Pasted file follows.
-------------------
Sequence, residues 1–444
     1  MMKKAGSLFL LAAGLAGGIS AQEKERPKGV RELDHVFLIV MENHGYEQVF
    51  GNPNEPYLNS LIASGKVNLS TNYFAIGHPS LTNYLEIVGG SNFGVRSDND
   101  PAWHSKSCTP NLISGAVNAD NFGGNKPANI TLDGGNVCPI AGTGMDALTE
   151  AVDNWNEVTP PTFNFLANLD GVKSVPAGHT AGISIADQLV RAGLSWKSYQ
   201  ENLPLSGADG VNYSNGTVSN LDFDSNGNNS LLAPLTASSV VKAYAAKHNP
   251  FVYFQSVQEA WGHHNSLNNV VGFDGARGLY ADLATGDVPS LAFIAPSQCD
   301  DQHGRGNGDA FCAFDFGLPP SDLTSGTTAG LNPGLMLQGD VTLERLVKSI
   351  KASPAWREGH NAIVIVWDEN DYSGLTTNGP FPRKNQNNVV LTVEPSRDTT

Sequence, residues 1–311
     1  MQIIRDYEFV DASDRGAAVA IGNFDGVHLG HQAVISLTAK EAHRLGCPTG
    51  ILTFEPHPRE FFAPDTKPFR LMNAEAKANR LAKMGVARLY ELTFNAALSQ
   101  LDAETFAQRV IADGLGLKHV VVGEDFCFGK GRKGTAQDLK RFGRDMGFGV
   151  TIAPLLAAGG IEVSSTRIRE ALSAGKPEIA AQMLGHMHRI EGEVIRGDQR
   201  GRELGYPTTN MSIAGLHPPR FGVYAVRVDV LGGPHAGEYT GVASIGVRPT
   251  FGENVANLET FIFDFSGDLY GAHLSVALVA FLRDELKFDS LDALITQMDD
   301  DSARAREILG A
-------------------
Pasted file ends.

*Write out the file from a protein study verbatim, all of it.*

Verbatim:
Sequence, residues 1–444
     1  MMKKAGSLFL LAAGLAGGIS AQEKERPKGV RELDHVFLIV MENHGYEQVF
    51  GNPNEPYLNS LIASGKVNLS TNYFAIGHPS LTNYLEIVGG SNFGVRSDND
   101  PAWHSKSCTP NLISGAVNAD NFGGNKPANI TLDGGNVCPI AGTGMDALTE
   151  AVDNWNEVTP PTFNFLANLD GVKSVPAGHT AGISIADQLV RAGLSWKSYQ
   201  ENLPLSGADG VNYSNGTVSN LDFDSNGNNS LLAPLTASSV VKAYAAKHNP
   251  FVYFQSVQEA WGHHNSLNNV VGFDGARGLY ADLATGDVPS LAFIAPSQCD
   301  DQHGRGNGDA FCAFDFGLPP SDLTSGTTAG LNPGLMLQGD VTLERLVKSI
   351  KASPAWREGH NAIVIVWDEN DYSGLTTNGP FPRKNQNNVV LTVEPSRDTT

Sequence, residues 1–311
     1  MQIIRDYEFV DASDRGAAVA IGNFDGVHLG HQAVISLTAK EAHRLGCPTG
    51  ILTFEPHPRE FFAPDTKPFR LMNAEAKANR LAKMGVARLY ELTFNAALSQ
   101  LDAETFAQRV IADGLGLKHV VVGEDFCFGK GRKGTAQDLK RFGRDMGFGV
   151  TIAPLLAAGG IEVSSTRIRE ALSAGKPEIA AQMLGHMHRI EGEVIRGDQR
   201  GRELGYPTTN MSIAGLHPPR FGVYAVRVDV LGGPHAGEYT GVASIGVRPT
   251  FGENVANLET FIFDFSGDLY GAHLSVALVA FLRDELKFDS LDALITQMDD
   301  DSARAREILG A